What if nobody voted for the only candidate on the ballot?

In some elections candidates run unopposed. But what if nobody voted for the only guy running? Say they got to that section on the ballot for the office he was running for and decided not to vote for him, and not to write in a name. The candidate gets 0% of 0 votes. What happens? Has this ever happened anywhere? Have any poor slobs ever lost an election against himself?

The person running votes for themself, so at least one vote is a guarantee

Pkbites is correct. The candidate (and you would hope the candidate’s spouse) would cast the deciding votes.
But you are hitting on an interesting area. There are nonvotes (10,000 people voted but 1,000 didn’t put in a choice in this particular race) and those nonvotes do appear in the initial printout available to the media.
A lot of people don’t know this. I always thought a nonvote from a whole bunch of voters could be a very loud voice to an unpopular candidate running unopposed.

Not always true. One time in a school board election in Kansas, the unopposed candidate didn’t vote…and neither did anybody else.

The board appointed somebody else to fill the spot.

In Canada, there wouldn’t be a ballot - if there’s only one candidate, that person is elected by acclamation, without a poll being taken.

Happens quite frequently in municipal elections, but it’s very rare in the provincial and federal elections - I can’t remember an instance in recent history of a candidate running unopposed.

I remember this happening about 15 years ago in a sheriff’s contest in Alabama or Mississippi. The unopposed sheriff didn’t bother voting, and neither did anybody else. They had to hold a new election.

      • Somewhat related: Remember the episode of Night Court where Dan ran for State’s Attorney against a deceased candidate and the dead guy won? -In Missouri’s recent governor election a dead candidate won, , , , -so his wife took the post. Partisan politics aside, this whole arrangement looks very odd but the other candidate conceded. He shouldn’t have. - MC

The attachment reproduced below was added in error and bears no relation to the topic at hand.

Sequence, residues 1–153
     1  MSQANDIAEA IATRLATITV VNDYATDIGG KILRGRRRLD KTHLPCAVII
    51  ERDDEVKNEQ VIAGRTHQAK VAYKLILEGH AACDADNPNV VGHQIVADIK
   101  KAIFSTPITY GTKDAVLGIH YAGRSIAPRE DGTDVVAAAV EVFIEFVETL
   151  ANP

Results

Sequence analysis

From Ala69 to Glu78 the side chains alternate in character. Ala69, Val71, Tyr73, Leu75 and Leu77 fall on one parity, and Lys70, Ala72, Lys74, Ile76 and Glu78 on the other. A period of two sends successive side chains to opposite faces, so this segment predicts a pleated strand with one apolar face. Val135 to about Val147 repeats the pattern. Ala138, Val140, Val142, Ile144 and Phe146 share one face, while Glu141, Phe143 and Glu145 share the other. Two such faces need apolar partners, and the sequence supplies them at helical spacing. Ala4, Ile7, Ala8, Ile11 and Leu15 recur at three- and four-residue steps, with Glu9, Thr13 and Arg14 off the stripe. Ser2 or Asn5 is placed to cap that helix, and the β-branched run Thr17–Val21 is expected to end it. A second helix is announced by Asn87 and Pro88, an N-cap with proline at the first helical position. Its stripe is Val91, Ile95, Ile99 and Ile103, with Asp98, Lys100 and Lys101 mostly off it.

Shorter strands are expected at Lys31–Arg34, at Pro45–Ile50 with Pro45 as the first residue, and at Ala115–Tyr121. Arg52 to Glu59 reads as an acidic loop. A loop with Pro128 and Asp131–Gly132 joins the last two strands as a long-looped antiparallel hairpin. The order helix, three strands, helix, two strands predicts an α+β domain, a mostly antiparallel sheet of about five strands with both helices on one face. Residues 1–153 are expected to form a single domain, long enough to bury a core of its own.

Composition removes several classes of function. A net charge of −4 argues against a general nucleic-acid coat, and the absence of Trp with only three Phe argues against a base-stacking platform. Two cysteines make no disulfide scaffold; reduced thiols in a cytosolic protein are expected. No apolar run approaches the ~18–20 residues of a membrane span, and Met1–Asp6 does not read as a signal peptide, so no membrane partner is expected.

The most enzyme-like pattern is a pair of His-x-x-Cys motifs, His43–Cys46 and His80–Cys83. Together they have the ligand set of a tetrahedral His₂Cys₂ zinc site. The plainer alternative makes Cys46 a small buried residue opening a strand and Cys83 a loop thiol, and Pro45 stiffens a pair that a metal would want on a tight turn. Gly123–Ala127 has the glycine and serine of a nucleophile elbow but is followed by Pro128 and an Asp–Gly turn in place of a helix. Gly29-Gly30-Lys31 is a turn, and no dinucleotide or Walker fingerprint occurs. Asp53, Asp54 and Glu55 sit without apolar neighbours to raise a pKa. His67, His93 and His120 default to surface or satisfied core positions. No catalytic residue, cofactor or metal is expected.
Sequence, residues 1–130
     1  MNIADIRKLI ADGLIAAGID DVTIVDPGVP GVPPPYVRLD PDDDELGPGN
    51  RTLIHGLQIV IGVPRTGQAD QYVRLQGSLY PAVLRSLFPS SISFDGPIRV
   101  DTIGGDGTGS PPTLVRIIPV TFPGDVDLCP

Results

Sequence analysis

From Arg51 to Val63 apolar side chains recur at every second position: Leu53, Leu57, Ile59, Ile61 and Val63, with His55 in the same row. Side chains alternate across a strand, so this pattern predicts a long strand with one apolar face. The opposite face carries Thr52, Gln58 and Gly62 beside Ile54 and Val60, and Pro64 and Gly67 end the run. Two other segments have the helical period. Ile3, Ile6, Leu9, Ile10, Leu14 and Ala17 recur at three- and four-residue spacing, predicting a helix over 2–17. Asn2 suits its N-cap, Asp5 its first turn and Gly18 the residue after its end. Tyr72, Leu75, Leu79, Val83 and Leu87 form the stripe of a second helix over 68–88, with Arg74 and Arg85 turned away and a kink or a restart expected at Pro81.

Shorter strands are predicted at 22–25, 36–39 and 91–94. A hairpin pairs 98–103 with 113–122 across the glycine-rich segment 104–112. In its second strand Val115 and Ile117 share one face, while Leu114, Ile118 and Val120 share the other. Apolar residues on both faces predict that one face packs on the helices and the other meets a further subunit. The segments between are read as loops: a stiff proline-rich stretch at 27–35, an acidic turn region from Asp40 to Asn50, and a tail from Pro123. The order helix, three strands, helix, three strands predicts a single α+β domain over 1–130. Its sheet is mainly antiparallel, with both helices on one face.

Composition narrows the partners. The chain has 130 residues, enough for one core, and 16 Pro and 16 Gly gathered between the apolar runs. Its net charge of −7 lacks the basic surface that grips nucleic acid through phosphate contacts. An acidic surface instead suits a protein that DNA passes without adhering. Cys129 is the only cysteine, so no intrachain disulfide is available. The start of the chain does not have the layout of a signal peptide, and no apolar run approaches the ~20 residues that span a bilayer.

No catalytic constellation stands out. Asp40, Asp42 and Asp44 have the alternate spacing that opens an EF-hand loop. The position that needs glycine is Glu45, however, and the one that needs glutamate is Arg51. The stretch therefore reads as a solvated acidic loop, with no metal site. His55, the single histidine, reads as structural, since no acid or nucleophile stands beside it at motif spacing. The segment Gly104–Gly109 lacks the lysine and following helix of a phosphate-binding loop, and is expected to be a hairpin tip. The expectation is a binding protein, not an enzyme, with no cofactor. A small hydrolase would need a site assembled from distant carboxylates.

That’s the way it works in Florida too. At least in these races, we don’t have problems counting the ballots. I hope.
Slightly off point … I’d really like to see “None of the Above” as a choice in every election. If NOTA “wins” then a new election would be held, and all of the candidates (and their spouses?) from the first race would be prohibited from running in the NOTA re-election.

U.S. senate race, actually. The incumbent was Sen. John Ashcroft (yeah, we voted him out of office, only to watch him rise to an even higher position… :rolleyes: ). The challenger was Mel Carnahan, who at the time was our current governor (until his death, anyway).

His wife didn’t “take” the post. Carnahan died a few days after the official deadline to have his name taken off the ballot. Now, obviously we couldn’t have a dismembered corpse representing us in the Senate; state code said that in such a case, the governor has the authority to appoint a replacement. He announced before the general election that he intended to appoint Jean Carnahan, the governor’s wife, to the seat should her late husband be elected. He was, and she was. Nothing “odd” or “partisan” about it at all.

Uh…why? Ashcroft lost the election vote by a statistically significant margin, and everything else was done according to the previously established code of the state of Missouri.